With all that out of the way, there are a few things I’d add to the chart.  The biggest one that’s missing is the FDIC’s shiny, brand-new Orderly Liquidation Authority.  When a small, regional bank fails, the FDIC swoops in, packages it up, and sells it off to a nearby bank over the course of a weekend.  Orderly Liquidation Authority is like that, except for Bank of America or Goldman Sachs or Citi.  Needless to say, this is immensely more complicated because of the size and complexity of these institutions, as well as the international issues involved.  No one really knows how this is going to work, but the FDIC and Fed are trying to figure it out right now.  Let’s hope they get it right.

A couple other smaller things that aren’t as important but still worth mentioning:

  • The chart mentions Legal Entity Identifiers, “a global corporate ID system,” but doesn’t name the agency charged with implementing this: the Treasury’s Office of Financial Research!  The OFR’s job is to collect more data on what’s going on in the financial system, analyze the data, and provide it to regulators.  To anti-Dodd-Frankers, this threatens the privacy of sensitive financial data while expanding government and wasting money, but to me it sounds like a great way to use data to help regulators do their job better.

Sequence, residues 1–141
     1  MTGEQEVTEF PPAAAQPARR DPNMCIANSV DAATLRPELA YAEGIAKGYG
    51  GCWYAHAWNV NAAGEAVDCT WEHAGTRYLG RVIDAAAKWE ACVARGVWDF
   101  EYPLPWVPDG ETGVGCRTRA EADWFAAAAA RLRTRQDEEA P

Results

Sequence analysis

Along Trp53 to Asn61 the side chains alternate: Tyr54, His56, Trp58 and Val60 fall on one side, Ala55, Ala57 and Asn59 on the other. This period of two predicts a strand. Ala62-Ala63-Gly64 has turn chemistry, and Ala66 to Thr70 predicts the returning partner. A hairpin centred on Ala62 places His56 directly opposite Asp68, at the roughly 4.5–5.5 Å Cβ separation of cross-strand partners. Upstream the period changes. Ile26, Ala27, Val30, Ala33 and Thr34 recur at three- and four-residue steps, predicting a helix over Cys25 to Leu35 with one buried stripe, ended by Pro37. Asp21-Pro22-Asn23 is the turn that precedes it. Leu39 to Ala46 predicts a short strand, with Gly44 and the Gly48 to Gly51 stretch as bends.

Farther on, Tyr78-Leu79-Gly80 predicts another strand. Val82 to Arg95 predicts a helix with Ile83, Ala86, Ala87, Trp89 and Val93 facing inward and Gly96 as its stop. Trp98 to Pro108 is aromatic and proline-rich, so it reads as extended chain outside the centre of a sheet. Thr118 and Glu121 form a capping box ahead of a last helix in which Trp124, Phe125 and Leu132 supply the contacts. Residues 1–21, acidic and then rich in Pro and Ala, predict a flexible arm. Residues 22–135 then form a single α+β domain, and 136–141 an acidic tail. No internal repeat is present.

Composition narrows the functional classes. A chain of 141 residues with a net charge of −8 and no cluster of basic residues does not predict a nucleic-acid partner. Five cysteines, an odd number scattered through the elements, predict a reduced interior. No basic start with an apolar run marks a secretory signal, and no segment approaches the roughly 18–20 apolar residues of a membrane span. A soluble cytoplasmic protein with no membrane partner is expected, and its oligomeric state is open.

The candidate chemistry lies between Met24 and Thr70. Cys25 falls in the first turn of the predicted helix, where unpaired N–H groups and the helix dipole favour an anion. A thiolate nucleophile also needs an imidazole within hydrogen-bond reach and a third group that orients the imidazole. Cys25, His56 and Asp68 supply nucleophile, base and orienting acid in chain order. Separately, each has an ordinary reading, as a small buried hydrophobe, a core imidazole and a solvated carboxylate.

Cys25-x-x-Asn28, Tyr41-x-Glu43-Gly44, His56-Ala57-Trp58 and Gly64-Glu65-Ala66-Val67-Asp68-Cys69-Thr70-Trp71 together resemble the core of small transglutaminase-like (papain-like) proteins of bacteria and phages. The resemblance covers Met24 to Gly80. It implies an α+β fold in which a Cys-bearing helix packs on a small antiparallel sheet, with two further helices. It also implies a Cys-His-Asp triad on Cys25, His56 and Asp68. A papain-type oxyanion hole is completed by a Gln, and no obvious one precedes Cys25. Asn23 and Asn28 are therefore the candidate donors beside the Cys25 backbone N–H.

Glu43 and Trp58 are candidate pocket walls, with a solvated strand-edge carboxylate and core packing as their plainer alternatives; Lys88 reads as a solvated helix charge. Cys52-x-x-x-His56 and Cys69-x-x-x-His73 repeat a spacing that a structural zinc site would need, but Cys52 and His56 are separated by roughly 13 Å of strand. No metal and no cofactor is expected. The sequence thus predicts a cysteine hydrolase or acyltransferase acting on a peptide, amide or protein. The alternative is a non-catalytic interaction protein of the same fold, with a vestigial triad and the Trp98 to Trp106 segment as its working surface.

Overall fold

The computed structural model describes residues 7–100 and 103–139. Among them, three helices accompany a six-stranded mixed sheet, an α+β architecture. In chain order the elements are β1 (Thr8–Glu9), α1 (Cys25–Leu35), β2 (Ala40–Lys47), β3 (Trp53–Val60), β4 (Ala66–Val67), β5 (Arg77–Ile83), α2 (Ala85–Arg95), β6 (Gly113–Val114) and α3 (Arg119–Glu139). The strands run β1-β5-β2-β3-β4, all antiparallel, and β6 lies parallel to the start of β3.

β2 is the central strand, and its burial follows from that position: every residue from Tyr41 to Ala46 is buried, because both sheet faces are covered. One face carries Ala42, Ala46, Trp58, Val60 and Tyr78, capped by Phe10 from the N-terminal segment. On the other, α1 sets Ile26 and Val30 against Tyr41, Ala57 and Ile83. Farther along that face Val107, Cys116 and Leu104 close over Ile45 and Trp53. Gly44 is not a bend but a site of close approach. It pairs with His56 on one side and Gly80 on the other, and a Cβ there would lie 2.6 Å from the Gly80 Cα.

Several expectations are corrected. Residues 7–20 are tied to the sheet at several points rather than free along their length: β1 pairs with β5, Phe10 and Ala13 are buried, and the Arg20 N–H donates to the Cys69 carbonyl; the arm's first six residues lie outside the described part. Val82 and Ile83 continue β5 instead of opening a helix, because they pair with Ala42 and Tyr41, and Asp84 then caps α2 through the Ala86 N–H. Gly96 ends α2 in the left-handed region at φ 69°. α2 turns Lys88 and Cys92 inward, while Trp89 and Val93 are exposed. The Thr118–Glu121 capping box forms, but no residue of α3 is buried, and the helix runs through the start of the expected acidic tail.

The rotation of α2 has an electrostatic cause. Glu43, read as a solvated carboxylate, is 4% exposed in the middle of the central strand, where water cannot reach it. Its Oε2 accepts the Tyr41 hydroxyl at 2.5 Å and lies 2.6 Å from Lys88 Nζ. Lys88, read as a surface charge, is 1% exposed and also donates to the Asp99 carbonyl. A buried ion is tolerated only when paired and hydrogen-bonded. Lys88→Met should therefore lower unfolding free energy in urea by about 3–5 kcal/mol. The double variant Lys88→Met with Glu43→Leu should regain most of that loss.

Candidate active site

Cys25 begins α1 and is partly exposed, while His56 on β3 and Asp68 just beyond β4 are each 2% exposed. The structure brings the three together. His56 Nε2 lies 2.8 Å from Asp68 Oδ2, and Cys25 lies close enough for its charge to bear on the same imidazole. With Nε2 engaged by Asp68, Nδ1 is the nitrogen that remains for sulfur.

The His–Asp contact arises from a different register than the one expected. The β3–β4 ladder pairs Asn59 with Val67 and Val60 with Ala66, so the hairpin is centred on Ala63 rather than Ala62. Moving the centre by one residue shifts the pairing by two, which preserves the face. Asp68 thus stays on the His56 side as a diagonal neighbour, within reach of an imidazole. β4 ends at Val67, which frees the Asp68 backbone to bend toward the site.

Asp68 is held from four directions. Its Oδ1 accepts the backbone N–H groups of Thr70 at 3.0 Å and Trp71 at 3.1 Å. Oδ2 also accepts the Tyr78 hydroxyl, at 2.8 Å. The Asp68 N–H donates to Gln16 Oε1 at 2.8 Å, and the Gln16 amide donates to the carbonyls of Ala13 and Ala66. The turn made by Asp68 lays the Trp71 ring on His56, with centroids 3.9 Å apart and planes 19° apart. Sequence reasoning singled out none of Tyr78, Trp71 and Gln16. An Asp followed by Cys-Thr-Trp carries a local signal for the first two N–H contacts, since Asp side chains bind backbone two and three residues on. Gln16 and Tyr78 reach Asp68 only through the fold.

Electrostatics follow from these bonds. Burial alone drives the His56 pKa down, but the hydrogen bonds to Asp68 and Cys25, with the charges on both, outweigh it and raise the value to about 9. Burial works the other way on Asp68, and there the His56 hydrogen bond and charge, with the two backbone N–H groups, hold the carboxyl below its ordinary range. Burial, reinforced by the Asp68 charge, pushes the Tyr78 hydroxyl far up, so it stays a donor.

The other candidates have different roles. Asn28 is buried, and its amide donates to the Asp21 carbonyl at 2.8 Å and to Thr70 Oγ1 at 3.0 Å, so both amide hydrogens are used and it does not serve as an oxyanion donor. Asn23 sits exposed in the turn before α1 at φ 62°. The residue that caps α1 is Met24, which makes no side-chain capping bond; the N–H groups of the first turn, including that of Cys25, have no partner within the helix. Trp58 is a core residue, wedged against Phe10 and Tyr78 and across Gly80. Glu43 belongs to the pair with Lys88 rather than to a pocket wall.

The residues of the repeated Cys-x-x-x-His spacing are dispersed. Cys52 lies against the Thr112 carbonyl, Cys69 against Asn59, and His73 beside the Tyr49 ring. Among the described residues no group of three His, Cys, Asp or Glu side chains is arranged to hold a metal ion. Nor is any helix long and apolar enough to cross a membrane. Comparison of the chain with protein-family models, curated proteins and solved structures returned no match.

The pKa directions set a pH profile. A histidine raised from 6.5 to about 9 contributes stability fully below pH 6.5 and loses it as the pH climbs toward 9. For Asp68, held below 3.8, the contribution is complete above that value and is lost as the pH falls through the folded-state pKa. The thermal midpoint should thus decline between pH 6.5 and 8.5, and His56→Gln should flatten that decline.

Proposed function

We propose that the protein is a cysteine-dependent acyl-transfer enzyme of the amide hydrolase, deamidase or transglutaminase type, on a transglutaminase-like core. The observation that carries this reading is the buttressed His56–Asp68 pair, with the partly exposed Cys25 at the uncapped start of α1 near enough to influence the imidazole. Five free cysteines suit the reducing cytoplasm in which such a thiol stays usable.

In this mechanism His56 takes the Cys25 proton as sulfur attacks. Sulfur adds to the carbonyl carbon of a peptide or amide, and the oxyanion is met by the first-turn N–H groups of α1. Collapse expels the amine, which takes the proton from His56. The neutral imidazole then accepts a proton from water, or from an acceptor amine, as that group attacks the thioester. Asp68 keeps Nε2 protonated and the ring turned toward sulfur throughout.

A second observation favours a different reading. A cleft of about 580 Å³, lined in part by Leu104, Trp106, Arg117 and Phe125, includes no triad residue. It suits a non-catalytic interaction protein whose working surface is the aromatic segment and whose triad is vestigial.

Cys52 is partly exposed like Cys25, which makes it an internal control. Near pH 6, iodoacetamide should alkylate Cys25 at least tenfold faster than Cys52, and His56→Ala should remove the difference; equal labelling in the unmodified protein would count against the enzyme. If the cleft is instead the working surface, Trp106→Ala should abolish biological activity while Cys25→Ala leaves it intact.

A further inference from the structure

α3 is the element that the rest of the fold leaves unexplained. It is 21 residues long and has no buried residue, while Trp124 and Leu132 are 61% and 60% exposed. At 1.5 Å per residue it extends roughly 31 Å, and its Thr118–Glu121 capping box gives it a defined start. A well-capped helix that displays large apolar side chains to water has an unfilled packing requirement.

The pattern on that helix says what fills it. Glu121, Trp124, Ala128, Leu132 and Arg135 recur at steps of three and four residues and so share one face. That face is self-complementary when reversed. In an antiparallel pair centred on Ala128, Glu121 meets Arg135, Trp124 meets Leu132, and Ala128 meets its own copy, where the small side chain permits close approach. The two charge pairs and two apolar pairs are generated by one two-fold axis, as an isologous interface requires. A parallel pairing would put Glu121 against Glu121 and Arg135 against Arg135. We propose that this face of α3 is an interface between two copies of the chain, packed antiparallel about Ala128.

• Dodd-Frank sets up whistleblower offices in both the CFTC and SEC.  The SEC is apparently already overloaded with tips, probably by potential whistleblowers enticed by the promise of an award equal to between 10 and 30% of the resulting sanctions.
  • There are a bunch of other regulations designed to prevent municipalities from getting their faces ripped off, like, for example, Jefferson County, Alabama.